The Queen's Speech 2016 included major bills on business rates retention, higher education reform, and substantial planning, transport, and digital economy measures. The challenges for local leadership teams remains constructing a coherent, tailored local approach to growth and devolution in the face of continuing inconsistencies and tensions nationally.
The Housing and Planning Act has been highly contentious. This briefing summarises and comments on the key provisions – such as permission in principle, the right to buy for housing association tenants, ‘pay to stay’ and the sale of empty high value council housing.
The government has recently published a consultation on its draft cycling and walking investment strategy which sets out its ambition and objectives for cycling and walking, the financial resources available to meet those objectives, how the objectives will be delivered and the governance arrangements.
NHS England has announced the Healthy New Towns proposals it will support as part of its drive to tackle unhealthy environments. Other recent guides highlight local authority efforts to tackle obesity through their planning processes, within a context of a whole system approach that helps to reinforce local plan policy.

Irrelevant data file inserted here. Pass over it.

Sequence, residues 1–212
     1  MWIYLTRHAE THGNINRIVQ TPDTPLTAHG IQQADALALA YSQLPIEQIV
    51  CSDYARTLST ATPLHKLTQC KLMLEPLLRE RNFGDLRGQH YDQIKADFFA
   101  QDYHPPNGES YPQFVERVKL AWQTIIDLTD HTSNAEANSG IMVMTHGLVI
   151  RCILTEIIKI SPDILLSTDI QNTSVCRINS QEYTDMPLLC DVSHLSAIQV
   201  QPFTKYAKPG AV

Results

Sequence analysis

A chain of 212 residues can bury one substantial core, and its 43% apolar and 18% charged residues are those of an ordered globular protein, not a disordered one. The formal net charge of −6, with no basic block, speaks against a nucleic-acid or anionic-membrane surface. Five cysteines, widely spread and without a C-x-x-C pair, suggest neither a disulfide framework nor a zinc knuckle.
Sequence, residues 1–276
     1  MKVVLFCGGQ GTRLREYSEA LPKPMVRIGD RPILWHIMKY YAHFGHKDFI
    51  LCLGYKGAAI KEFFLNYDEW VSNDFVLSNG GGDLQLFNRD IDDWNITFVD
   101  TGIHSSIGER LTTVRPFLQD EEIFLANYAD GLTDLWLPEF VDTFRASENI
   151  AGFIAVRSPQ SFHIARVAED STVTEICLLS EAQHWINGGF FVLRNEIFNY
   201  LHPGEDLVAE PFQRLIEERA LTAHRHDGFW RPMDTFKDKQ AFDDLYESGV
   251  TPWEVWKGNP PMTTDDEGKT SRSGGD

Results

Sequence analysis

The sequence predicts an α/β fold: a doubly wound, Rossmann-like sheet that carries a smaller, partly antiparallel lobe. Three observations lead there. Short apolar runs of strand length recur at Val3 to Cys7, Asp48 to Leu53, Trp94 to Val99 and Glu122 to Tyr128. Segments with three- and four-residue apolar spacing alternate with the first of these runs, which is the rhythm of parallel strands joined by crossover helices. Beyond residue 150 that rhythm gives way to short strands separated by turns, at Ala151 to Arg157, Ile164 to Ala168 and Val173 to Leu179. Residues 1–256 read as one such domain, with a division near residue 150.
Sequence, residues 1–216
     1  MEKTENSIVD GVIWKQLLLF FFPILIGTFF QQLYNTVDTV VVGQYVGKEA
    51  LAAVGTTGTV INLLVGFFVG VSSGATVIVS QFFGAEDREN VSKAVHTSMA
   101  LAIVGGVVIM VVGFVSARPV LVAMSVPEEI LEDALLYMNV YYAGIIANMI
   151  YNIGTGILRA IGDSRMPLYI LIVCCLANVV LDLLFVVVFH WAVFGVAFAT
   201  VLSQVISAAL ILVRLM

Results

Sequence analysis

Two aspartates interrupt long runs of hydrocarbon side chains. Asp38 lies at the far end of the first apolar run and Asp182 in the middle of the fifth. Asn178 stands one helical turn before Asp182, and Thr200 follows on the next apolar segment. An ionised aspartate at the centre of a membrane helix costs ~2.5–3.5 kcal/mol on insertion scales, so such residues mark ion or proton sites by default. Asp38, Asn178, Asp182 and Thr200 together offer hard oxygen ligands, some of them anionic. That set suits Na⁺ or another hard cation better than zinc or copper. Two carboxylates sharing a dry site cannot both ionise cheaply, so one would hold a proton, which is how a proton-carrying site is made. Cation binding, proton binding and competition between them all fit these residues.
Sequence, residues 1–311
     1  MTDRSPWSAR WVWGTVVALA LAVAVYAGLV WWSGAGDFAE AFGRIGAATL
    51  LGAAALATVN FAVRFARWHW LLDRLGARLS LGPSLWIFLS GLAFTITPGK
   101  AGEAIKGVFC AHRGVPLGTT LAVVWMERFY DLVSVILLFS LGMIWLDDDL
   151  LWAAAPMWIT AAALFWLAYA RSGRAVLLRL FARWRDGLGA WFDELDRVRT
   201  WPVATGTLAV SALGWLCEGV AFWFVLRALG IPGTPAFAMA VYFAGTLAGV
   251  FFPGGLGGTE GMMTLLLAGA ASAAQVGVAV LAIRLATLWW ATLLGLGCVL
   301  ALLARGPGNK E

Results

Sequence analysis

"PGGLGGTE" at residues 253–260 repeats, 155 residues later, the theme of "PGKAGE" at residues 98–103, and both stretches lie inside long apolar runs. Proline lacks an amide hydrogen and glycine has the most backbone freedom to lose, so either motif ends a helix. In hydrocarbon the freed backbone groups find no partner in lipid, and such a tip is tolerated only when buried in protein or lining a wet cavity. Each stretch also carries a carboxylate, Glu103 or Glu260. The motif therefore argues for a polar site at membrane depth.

The Housing and Planning Bill, as amended by the Commons, has completed its Commons Committee stage and has proceeded to the House of Lords. The Bill has been hotly debated. This briefing provides an update and comments on its key provisions.
The Housing and Planning Bill contains no big surprises but it is a significant, and potentially contentious, Bill. This briefing outlines and comments on its key provisions.
Travel To Work Areas (TTWAs) have been essential components of contextual information for strategic planning and a range of related physical and economic policies and programmes. This briefing looks at lessons and issues arising from the August 2015 ONS publication of TTWAs based on the 2011 census
A recent ResPublica paper suggests that communities need a legal right to beauty. Janet Sillett finds much to ponder in the idea.
Can any modern UK government live up to Franklin D Roosevelt’s first 100 days in 1933 where the legislation was passed to create the New Deal (and where apparently the concept of the first 100 days was born)? It’s highly unlikely, but nevertheless politicos and the media like to judge how…
The first hundred days is a significant milestone in a new government’s journey. Have they been implementing manifesto commitments, what has been dropped or amended, what’s new? What is the impact and what does it tell us about what the political weather may hold for the next 1725 days?